Volunteering for the Opening Ceremony was a fantastic experience.  It was rewarding to be with friendly, dedicated, bright people, all of us working as a team, doing our part to represent our new President in one of the most historic inaugurations in our country’s history.

The Inauguration – my first-person account

January 11, 2009

Volunteering on the Obama-Biden campaign was one of the most rewarding experiences of my life. 

inaugural_flag_logo_button When the Presidential Inauguration Committee asked for volunteers to help out with the inauguration, I jumped at the chance and applied right away.  I’m happy to report I was accepted!

This afternoon, I head downtown to attend mandatory volunteer training and receive my assignment.  Who knows where I’ll be assigned — working at the parade, or the National Day of Service, or the kids’ concert, or if I’m very very lucky, one of the official balls. Or I could be in a back-office working uber-behind the scenes.  It doesn’t really matter because I’m excited about helping in an historical moment for our country and for the world.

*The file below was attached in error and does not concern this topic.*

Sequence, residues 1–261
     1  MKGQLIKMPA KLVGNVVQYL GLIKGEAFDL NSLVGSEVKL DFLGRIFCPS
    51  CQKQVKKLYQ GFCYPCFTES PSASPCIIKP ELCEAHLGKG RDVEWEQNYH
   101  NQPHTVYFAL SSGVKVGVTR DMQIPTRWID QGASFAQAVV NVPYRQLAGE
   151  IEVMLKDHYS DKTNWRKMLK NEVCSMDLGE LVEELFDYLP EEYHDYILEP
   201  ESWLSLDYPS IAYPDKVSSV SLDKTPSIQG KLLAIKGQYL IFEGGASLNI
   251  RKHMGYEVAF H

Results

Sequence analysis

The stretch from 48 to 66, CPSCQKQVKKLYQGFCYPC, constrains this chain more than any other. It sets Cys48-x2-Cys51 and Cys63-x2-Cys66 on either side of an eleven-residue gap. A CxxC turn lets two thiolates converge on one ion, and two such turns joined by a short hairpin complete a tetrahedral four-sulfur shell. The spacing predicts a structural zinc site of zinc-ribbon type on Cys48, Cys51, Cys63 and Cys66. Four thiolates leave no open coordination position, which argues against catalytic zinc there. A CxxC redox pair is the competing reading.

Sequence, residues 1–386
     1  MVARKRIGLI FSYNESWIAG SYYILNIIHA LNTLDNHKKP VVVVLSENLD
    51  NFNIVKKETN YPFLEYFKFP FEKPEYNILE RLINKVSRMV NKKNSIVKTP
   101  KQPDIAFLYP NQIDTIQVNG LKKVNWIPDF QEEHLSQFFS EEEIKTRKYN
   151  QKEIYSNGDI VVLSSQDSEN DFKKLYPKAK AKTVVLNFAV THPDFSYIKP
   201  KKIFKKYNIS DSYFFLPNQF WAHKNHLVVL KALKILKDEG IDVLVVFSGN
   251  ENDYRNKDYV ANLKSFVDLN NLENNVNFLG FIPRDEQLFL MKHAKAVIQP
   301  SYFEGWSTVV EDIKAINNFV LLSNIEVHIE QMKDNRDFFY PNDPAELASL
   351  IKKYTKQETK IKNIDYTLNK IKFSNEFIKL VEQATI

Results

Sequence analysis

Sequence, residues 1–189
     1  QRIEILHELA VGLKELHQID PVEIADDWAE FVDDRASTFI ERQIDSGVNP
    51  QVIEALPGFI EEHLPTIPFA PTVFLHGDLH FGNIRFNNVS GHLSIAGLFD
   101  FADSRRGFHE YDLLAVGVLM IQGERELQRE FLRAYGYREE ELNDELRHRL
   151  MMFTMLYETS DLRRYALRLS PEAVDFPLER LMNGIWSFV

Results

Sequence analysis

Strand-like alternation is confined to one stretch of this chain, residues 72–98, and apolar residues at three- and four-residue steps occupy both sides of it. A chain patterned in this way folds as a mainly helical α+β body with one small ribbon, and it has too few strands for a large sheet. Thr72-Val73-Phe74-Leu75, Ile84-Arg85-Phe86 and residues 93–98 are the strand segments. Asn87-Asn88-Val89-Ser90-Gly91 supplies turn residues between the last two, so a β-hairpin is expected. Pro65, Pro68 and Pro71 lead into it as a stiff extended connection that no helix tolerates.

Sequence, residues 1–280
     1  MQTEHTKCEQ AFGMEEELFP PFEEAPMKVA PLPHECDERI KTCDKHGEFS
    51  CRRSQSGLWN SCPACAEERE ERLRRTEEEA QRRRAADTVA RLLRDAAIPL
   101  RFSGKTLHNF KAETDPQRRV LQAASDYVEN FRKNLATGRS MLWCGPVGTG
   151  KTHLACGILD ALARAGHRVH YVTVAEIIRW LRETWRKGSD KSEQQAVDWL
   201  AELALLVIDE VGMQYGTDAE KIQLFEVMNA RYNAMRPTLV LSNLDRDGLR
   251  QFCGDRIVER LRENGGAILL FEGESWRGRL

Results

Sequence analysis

If it’s allowed, I’ll try to live-twitter the training today.  If I can swing it, and you’d like a small glimpse into the inauguration build-up from a volunteer’s perspective, follow me.   I’m also taking my camera with me, in case pictures are allowed.  In any case, I’ll be writing my impressions of the training later tonight (after I watch the season premiere of 24).  I’ll also follow-up with further posts about my experience as a volunteer in Inauguration 2009.

Coelho puts MySpace on hold for Festival gamble

January 11, 2009